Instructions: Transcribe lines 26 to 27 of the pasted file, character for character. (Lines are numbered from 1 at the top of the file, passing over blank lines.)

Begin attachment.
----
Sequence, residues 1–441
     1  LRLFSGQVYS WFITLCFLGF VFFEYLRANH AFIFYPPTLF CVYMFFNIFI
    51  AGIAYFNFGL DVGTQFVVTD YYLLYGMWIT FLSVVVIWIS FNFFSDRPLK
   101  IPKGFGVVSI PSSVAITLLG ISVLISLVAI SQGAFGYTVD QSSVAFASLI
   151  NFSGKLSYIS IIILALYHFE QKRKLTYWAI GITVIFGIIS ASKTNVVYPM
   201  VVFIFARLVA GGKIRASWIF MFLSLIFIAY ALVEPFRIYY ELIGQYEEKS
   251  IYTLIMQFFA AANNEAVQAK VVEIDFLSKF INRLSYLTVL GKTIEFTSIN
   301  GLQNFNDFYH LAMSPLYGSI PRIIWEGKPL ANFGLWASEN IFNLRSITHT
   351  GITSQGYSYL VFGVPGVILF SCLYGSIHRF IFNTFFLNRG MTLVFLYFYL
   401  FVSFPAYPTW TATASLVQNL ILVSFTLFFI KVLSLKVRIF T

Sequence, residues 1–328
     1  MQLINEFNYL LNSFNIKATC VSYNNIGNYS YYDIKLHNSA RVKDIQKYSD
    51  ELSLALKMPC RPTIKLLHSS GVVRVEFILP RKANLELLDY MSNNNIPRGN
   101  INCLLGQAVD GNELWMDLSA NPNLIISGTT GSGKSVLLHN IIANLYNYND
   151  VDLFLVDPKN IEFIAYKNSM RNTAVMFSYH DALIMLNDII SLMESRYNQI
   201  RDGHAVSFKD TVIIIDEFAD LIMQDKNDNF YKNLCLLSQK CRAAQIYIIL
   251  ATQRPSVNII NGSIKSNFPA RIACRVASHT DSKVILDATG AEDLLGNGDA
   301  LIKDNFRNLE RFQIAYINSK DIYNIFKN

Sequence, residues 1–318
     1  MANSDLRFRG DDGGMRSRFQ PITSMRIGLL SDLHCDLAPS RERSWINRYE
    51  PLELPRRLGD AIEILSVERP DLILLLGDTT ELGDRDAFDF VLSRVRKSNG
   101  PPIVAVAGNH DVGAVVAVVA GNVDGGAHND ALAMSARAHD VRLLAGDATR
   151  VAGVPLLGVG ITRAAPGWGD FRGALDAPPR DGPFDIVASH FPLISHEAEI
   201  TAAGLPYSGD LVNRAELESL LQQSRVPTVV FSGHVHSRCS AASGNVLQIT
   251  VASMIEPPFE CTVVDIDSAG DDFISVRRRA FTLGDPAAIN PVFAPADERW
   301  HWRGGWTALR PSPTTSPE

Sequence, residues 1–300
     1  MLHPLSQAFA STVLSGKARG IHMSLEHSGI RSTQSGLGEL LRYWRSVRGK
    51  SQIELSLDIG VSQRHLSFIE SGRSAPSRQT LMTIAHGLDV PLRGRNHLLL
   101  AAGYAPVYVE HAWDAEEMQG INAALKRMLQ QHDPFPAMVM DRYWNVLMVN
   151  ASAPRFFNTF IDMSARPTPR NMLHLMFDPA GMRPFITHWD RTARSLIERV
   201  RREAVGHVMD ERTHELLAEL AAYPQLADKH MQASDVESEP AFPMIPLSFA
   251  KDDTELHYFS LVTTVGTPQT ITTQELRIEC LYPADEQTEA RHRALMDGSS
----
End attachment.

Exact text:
   301  HWRGGWTALR PSPTTSPE

Sequence, residues 1–300